You are viewing the development documentation for the Apereo CAS server. The functionality presented here is not officially released yet. This is a work in progress and will be continually updated as development moves forward. You are most encouraged to test the changes presented.
The CAS server and clients comprise the two physical components of the CAS system architecture that communicate by means of various protocols.
The CAS server is Java servlet built on the Spring Framework whose primary responsibility is to authenticate users and grant access to CAS-enabled services, commonly called CAS clients, by issuing and validating tickets. An SSO session is created when the server issues a ticket-granting ticket (TGT) to the user upon successful login. A service ticket (ST) is issued to a service at the user’s request via browser redirects using the TGT as a token. The ST is subsequently validated at the CAS server via back-channel communication. These interactions are described in great detail in the CAS Protocol document.
The term “CAS client” has two distinct meanings in its common use. A CAS client is any CAS-enabled application that can communicate with the server via a supported protocol. A CAS client is also a software package that can be integrated with various software platforms and applications in order to communicate with the CAS server via some authentication protocol (e.g. CAS, SAML, OAuth). CAS clients supporting a number of software platforms and products have been developed.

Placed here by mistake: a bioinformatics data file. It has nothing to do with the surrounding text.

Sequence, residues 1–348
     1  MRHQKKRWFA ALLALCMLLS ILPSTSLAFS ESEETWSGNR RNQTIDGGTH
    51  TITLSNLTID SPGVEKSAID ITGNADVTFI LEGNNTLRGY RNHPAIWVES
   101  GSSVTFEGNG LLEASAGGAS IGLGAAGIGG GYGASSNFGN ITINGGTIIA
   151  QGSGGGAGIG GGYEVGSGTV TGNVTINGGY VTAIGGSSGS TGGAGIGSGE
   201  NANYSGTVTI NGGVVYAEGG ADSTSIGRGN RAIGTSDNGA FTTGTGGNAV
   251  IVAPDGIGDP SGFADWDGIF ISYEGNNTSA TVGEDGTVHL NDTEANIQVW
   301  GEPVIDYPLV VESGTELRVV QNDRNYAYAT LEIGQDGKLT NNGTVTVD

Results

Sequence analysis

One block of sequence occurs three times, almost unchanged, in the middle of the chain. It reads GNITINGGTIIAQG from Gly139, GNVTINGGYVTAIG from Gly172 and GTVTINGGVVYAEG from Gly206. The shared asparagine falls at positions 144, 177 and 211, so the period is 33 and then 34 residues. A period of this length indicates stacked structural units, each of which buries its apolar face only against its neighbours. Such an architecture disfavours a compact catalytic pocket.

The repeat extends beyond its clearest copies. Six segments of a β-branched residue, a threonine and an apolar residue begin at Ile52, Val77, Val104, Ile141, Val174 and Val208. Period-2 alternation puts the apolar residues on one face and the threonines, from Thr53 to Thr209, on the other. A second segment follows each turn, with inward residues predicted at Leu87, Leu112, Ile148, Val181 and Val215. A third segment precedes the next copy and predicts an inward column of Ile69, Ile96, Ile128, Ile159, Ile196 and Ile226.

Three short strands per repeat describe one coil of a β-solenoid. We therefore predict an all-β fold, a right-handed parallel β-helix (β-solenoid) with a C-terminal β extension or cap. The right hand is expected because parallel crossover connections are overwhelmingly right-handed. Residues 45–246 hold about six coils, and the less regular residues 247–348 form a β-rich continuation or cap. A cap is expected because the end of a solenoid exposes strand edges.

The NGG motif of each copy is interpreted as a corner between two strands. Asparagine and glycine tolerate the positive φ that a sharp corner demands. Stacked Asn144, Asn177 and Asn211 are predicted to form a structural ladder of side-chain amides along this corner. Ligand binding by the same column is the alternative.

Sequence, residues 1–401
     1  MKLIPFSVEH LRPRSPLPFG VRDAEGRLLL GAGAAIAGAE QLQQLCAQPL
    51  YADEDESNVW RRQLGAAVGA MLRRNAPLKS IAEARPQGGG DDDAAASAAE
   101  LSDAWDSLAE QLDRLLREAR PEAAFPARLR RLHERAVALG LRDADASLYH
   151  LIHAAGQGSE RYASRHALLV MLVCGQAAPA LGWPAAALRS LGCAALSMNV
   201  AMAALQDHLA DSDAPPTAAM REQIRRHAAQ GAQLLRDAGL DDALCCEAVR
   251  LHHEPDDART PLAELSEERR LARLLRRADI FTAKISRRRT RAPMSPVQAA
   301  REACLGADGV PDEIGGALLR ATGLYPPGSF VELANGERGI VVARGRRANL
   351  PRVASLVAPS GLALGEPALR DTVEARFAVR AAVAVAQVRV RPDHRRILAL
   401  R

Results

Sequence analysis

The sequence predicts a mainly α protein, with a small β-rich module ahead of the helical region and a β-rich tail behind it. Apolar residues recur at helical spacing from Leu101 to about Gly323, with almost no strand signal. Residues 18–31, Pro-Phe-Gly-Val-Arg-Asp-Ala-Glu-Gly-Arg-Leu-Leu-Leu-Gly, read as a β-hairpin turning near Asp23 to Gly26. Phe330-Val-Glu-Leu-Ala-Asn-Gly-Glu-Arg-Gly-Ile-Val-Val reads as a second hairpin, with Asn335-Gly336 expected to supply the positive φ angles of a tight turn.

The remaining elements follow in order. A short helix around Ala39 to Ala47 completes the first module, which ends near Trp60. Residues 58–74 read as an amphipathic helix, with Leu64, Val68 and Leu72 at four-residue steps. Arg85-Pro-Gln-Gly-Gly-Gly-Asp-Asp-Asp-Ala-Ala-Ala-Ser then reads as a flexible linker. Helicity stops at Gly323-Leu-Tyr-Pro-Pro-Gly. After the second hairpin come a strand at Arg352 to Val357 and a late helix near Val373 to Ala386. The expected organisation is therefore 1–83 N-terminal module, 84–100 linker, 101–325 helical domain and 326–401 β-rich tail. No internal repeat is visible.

- Apache httpd Server (mod_auth_cas module)
- Java (Java CAS Client)
- .NET (.NET CAS Client)
- PHP (phpCAS)
- Perl (PerlCAS)
- Python (pycas)
- Ruby (rubycas-client)
- Atlassian Confluence
- Atlassian JIRA
When the term “CAS client” appears in this manual without further qualification, it refers to the integration components such as the Java CAS Client rather than to the application relying upon (a client of) the CAS server.
Clients communicate with the server by any of several supported protocols. All the supported protocols are conceptually similar, yet some have features or characteristics that make them desirable for particular applications or use cases. For example, the CAS protocol supports delegated (proxy) authentication, and the SAML protocol supports attribute release and single sign-out.
It is helpful to describe the CAS server in terms of three layered subsystems:
Almost all deployment considerations and component configuration involve those three subsystems. The Web tier is the endpoint for communication with all external systems including CAS clients. The Web tier delegates to the ticketing subsystem to generate tickets for CAS client access. The SSO session begins with the issuance of a ticket-granting ticket on successful authentication, thus the ticketing subsystem frequently delegates to the authentication subsystem.
The authentication system is typically only processing requests at the start of the SSO session, though there are other cases when it can be invoked (e.g. forced authentication).
CAS uses the many aspects of the Spring Framework; most notably, Spring MVC and Spring Webflow. Spring provides a complete and extensible framework for the core CAS codebase as well as for deployers; it’s straightforward to customize or extend CAS behavior by hooking CAS and Spring API extension points. General knowledge of Spring is beneficial to understanding the interplay among some framework components, but it’s not strictly required.
CAS is also heavily based on Spring Boot, which
allows it to take an opinionated view of
the Spring platform and third-party libraries to create a stand-alone web
application without the hassle of XML configuration as much as possible.
Spring Boot allows CAS to hide much of the internal complexity of its
components and their configuration and instead provides auto-configuration modules that
and automatically configure the running application context without much manual interference.